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  • Claude Cahun: contexte, posture, filiation. Pour une esthétique de l'entre-deux
  • Shelley Rice
Claude Cahun: contexte, posture, filiation. Pour une esthétique de l'entre-deux. Edited by Andrea Oberhuber. (Paragraphes, 27). Montréal: Université de Montréal, 2007. 260 pp., ill. Pb CA$22.00.

This collection of essays, which grew out of a 2004 conference at the Université de Montréal, signals that scholarship about Cahun (née Lucy Schwob) is coming of age. Born in Nantes, marginally known during her lifetime (1894-1954) as a writer in Surrealist circles, Cahun spent decades photographing herself in various guises. Often made in collaboration with her partner Suzanne Malherbe/Marcel Moore, the self-portraits were originally conceived as private endeavours and have come into public view only since the 1990s. Exhibited first in France and then in Germany, her photomontages, illustrated books, and black and white prints resonated with an art world in thrall to Cindy Sherman and the gender studies of the feminist movement. It was not until 2002 that François Leperlier, her original biographer and the curator of the earliest retrospectives, published Écrits, a 787-page collection of Cahun's writings — fiction and non-fiction, published and unpublished. The impact of this newly available information, and the increasingly sophisticated discourse surrounding it, is very evident in Oberhuber's book, which is marked by a depth of understanding, a complexity of thought, and a quality of scholarship that would not have been possible before. Divided into three sections — one on general issues (her connections to Surrealist sexuality, her lesbian lover, and European politics), one on analyses of the literary works Vues et visions, Aveux non avenus, and Héroïnes, and one on comparisons linking her art works with those of other women before and after her (for instance the Countess de Castiglione, the Baronness Elsa, Sophie Calle) — this volume makes an attempt to articulate the significance of Cahun's achievement by interpreting and contextualizing her manifold expressions. The twelve essays, by scholars based in Canada, Europe, and the United States, are serious, well researched, and well edited. They vary in their ostensible subjects but share a general interest in the diversity and fluidity of (especially female) gender definitions. The l'entre-deux prominent in the book's title is a focal point of most of the texts, a trope used to describe the fragmentation, heterogeneity, and multifaceted political and personal investigations common to all of the artists under discussion. The choice of topics is inclusive and comprehensive; together, the essays paint a rich verbal picture of this complex and mysterious figure, but it is unfortunate that visual illustrations are few and far between. It is understandable, [End Page 501] perhaps, that the editor chose not to compare Cahun with Sherman (see my edited volume Inverted Odysseys (1999)), but disappointing that no one made a match between her and the contemporary French artist Orlan — an obvious pairing on many levels and one that would have opened up some hot new areas of inquiry. But these are small objections. There is no question that this erudite and impassioned book is a valuable addition to the growing list of volumes about a fascinating maestro of masquerade.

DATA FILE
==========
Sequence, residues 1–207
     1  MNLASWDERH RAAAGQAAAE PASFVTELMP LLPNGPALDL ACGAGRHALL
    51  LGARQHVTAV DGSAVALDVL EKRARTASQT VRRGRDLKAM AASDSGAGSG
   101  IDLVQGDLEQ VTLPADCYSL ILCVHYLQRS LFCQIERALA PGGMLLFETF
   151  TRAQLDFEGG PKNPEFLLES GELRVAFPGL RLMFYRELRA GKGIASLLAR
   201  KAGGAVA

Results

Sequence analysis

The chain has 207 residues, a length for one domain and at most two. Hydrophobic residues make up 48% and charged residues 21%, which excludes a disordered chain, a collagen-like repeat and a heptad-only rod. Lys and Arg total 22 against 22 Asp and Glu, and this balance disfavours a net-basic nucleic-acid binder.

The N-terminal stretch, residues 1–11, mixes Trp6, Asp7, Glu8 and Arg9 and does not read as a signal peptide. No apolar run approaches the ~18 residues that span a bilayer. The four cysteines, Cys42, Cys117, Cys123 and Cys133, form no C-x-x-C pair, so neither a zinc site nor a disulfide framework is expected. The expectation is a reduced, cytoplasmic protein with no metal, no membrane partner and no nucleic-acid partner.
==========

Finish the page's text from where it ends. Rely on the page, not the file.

Shelley Rice
New York University


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